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    Lao Shi
  • March 29, 2008
Well done Jeff and Alex. These past two days you have shown many the benefits and power of the Internet. Thank you for having the courage to follow through. It also shows us the a path to policing our industry and making us stronger and better for it, the consumers will notice.

Well done also to Husker (HAG) for standing tall, setting a great example of “Reputation Management.” and doing the right thing. This is an example we should all remember in our own areas of influence as a process to adhere to.

They should be proud to display this interaction on their web site as they have earned the right to let the public know they take their commitment to excellence to heart and not just talk about it.


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Good for Husker. Sounds like they did all the right things. They are credit to car dealers everywhere for taking care of this like gentlemen.
 
Props to Alex and Jeff on this one. They did all of us a great service in showing how we can all learn together.
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I just looked at the eBay listing for this automobile. At the bottom of the page it mentions that full payment is required within 7 days of auction close, not 72 hours.
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    Sean
  • March 29, 2008
If "standing up" means continuing with the "72 hour" statement, then I'm shocked by this forum and its members. Does this industry not understand the very basic statement that "one's perception is one's reality?" Thanking Husker for posting something that has already been displayed elsewhere and giving a statement that says you're 100% behind them is continuing to give a negative light on your industry to those you hope to make money from. You are continuing to erode our perception.

To the meat of the rebuttal: the auction also clearly states, (in two places), that the buyer has "7 days" to complete the purchase. And since when does time not stop while there is a dispute over how to move forward? The Husker group clearly stated at first they would only sell the car "with conditions" until the buyer sought representation from a lawyer. The clock stopped right there and could not continue until an agreement was made. An agreement that didn't happen until this past week.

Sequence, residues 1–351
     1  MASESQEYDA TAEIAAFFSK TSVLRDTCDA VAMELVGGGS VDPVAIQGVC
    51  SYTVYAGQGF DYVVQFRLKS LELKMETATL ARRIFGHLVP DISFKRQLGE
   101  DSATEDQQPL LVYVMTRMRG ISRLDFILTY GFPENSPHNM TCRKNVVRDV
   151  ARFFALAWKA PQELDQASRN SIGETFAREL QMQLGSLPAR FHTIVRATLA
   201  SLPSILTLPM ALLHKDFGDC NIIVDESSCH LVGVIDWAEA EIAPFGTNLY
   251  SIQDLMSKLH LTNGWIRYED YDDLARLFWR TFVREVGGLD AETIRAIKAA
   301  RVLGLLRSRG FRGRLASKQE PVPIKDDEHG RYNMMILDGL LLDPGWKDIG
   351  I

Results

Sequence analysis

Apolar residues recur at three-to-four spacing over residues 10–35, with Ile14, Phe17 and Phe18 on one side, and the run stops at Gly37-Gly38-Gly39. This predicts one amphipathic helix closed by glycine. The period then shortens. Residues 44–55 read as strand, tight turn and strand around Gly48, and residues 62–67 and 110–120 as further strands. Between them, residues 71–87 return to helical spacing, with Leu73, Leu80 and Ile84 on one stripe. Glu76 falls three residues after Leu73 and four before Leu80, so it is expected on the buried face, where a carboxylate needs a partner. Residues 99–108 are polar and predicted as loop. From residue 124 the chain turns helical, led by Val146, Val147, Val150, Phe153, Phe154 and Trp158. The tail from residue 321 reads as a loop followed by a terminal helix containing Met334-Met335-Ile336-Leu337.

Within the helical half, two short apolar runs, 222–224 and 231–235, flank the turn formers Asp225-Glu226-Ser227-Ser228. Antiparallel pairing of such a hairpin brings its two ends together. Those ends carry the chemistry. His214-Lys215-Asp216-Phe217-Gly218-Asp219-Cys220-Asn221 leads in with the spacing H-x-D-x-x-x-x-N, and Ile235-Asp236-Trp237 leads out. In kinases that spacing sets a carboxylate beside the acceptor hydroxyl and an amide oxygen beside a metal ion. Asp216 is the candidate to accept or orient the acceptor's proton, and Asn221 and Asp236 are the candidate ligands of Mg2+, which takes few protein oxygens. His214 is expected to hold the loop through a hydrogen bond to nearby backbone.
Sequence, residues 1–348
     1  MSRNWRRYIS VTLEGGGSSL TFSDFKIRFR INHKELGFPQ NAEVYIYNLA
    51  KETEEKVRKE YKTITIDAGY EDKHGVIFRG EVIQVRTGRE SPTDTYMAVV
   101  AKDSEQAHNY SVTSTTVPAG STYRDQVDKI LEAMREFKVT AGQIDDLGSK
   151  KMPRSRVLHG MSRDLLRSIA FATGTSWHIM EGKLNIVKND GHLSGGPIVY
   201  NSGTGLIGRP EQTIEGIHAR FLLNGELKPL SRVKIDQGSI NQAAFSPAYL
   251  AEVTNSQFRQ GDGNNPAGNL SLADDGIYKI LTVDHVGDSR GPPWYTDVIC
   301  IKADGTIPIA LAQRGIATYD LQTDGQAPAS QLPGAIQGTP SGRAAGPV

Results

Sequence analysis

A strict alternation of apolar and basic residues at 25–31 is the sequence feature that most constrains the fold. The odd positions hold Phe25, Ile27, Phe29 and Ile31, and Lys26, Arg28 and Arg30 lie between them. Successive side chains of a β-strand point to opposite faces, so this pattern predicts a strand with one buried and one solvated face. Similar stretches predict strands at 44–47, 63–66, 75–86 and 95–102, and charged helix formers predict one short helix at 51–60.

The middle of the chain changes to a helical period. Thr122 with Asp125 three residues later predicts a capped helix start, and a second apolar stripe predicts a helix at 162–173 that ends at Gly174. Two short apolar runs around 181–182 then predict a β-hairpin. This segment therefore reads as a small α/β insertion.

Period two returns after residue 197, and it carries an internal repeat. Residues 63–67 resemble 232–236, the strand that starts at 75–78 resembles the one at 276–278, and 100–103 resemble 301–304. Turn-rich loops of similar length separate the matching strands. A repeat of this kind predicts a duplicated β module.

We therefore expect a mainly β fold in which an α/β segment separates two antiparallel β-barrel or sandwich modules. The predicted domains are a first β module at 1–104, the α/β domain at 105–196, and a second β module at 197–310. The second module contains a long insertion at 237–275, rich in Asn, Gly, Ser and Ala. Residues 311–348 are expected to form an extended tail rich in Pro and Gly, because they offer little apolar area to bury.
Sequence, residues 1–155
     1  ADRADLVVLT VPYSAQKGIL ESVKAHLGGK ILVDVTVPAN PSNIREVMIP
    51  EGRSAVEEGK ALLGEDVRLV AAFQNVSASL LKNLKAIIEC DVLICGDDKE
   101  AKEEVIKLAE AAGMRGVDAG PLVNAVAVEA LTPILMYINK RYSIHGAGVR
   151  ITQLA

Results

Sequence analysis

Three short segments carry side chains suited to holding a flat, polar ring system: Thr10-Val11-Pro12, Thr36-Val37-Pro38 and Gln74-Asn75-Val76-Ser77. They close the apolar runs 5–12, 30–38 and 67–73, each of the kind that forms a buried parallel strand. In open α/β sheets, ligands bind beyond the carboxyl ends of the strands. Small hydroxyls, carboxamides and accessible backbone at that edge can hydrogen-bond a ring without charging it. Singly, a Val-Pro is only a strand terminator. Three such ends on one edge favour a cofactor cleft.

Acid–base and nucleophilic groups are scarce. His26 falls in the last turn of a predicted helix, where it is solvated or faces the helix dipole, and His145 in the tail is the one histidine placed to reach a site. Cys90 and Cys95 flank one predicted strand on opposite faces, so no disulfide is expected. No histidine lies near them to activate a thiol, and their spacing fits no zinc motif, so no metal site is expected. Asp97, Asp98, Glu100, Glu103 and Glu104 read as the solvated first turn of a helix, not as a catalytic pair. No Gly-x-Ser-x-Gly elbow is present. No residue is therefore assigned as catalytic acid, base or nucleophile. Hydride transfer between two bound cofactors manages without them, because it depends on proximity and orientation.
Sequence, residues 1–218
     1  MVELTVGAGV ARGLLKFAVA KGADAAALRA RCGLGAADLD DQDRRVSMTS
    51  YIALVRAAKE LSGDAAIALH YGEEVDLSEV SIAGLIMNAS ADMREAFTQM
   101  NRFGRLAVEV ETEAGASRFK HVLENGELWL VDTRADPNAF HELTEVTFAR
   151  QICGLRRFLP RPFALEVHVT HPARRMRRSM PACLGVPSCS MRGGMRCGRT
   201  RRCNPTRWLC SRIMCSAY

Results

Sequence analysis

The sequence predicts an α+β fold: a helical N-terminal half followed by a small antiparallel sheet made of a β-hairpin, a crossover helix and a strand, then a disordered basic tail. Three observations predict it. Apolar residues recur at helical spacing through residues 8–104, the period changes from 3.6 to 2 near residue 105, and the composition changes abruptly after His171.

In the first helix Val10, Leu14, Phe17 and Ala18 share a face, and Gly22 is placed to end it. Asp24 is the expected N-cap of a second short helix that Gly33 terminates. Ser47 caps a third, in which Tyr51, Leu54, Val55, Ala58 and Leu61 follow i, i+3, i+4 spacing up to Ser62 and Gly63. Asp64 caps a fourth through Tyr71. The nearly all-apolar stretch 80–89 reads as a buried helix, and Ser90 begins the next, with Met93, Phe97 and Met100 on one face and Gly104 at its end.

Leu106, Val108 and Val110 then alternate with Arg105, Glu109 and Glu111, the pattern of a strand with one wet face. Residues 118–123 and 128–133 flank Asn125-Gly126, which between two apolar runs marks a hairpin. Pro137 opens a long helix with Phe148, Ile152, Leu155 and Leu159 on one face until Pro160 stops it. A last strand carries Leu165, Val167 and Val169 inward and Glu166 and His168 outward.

The Husker group isn't being generous with their time extensions -- they initally delayed the proceedings and now they're looking for sympathy by extending a timeframe that hasn't even expired!
A
Thanks for pointing that out Blaine. Regardless of the varying time-constraints, the auction ended on March 20th and Husker BMW has given the winning bidder till March 31st to finish things up. It sounds as though there was an agreement made between both parties on that closing date.
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Thanks Sean. I think you misinterpreted the intentions here. Dealer Refresh is simply posting a statement from Husker BMW. It is not defending Husker BMW.

You are absolutely right though: perception is everything!
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    dTor
  • March 29, 2008
According to the buyer's lawyer, the auction states that payment is due within 7 days is displayed twice, and 72 hours is displayed once.
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    Tre Martin
  • March 29, 2008
Dude,

You don't know which way to go on this, do you? I thought I'd give your blog another try but it's pretty weak.

Your handling of everything from the hysteria; to the video; to taking down the video; to supporting the bidder; to kissing up to the dealership - I don't know - it's just all so.... weak.

If you're a blogger with a blog that has a philosophy - stake out a position and stick with it.

If you're trying to report on things - do that well.

But do something one way or the other - not just flip and flop.

You probably won't post this either. hahaha

Tre


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Tre just out of curiosity what would be your position? Troll sites and post negative comments? I am not trying to flame you but you have to remember most of us here (unlike you) use real names and urls that can be linked to our livelihood. This has been a touchy subject for all those involved directly and indirectly. I am actually ashamed to be calling you out on this and even acknowledge your "insightful" posts but I think it would be very "G" of you to state your position and what you hope to gain by visiting dealer refresh? Is that asking too much?
thanks in advance for your reply.......
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    Jeff Kershner
  • March 30, 2008